Frith is loud and proud
David Frith readily admits to being a loud mouth.
He thinks that was one of the traits that made him a great St George’s Town Crier for 16 years.
“People ask me what it takes to be a town crier all the time,” the 76 year old St David’s Island resident said. “I tell them you have to be loud and you have to be obnoxious, and I have those traits down to a tee.”
Last month the Corporation of St George’s cancelled the town crier position due to the pandemic.
“There was no tourists, not a problem,” he said.
But he does miss the job, particularly his work during the weekly ducking stool enactment with Suzanne Roberts-Holshouser in King’s Square in St George's.
“The ducking is a prime piece of theatre that needs to be continued,” he said. “Some days I had 400 people there, lining the bridge. People would come up to me afterward and say we were here last year or five years ago. They would bring out pictures they took of me. They would say you haven’t changed a bit. I just found it very satisfying.”
He admitted there had been some criticism of the event as misogynistic.
“It’s a re-enactment,” he said. “Where else in the world can you get to see a deputy speaker of the house like Suzanne being dunked? That just doesn’t happen.”
He said Ms Roberts-Holshouser had occasionally set people to rights.
“One woman took her to task over the event,” he said. “She told them, I love this job.”
When you ask Mr Frith where he grew up you get the cheeky answer first: “actually, I haven’t grown up yet”. The factual answer: Paget.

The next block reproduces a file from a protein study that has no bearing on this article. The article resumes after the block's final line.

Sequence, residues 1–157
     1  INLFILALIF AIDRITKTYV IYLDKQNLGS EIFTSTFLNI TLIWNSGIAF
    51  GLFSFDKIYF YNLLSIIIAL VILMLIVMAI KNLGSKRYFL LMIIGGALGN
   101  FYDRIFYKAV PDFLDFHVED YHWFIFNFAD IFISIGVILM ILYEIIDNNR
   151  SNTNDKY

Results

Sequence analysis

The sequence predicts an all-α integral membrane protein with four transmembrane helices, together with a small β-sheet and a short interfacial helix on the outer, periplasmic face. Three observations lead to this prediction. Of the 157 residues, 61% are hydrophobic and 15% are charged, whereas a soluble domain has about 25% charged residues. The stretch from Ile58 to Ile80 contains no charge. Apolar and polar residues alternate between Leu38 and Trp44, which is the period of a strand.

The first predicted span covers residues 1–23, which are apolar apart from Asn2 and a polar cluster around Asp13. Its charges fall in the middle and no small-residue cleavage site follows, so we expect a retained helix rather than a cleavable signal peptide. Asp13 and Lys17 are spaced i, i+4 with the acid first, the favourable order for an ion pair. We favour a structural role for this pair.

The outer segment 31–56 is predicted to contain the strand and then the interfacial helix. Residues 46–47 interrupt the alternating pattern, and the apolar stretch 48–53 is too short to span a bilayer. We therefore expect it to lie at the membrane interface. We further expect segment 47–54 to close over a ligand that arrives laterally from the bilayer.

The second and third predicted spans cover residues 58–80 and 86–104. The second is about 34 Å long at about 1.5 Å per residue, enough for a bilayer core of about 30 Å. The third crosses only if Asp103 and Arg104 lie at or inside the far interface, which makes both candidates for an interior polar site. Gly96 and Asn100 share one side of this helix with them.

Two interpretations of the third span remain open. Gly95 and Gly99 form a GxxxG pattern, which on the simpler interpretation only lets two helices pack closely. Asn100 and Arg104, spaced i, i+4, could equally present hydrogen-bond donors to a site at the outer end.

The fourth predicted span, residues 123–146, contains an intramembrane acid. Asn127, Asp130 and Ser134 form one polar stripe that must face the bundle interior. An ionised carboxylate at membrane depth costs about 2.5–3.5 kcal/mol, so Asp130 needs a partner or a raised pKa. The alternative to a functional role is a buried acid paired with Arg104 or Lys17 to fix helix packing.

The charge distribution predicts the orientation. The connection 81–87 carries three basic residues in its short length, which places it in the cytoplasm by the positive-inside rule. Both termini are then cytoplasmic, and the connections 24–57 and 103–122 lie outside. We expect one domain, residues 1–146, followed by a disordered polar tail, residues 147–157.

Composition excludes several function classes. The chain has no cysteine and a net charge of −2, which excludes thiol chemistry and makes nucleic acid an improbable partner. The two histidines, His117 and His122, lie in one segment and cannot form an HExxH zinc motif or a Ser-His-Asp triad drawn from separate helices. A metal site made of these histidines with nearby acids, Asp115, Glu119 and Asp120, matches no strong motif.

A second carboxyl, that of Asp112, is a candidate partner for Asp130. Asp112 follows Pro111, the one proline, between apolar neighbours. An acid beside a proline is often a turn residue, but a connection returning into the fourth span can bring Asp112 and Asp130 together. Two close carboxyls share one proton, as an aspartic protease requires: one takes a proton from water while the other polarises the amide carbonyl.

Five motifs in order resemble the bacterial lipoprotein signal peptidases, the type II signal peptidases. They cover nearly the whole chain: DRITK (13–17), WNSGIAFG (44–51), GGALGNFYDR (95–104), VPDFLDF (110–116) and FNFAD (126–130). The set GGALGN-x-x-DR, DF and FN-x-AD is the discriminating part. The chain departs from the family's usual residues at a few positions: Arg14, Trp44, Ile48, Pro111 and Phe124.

“We were the poor Friths, not the rich Friths,” he said. “We moved to St George’s when I was 16. My mother Betty’s family were from St George’s. In fact, our family goes back to Christopher Carter and the Sea Venture.”
Mr Frith likes to say his was a miracle birth.
“After my mother, Betty, had my sister, Susan, she wasn’t supposed to have any more children,” he said. “I was more of a miracle than a regular baby is. Then my brother, Peter, came along eight years later. I tell him all the time he definitely wasn’t supposed to be born.”
Mr Frith’s father, Horace, worked for BOAC as groundstaff. Mr Frith was born in Bermuda, but the family moved overseas when he was three years old, and moved often because of Horace Frith’s job.
“My mother said we moved lock stock and barrel 13 times in three years,” Mr Frith said. “When I started school we were in Bristol, England.”
They returned to Bermuda for good when Mr Frith was six. When he started school on the island his teachers were impressed that he could read.
“But I had already been learning to read in England,” he said.
He attended Saltus Grammar School, where he was required to join the Bermuda Cadet Corps at 14.
“In 1954 the Caledonian Society in Bermuda and others, were instrumental in forming a pipe band to lead ‘A’ Company of the BCC,” he said. “It was deemed an easier route through the BCC if you were a member of the band.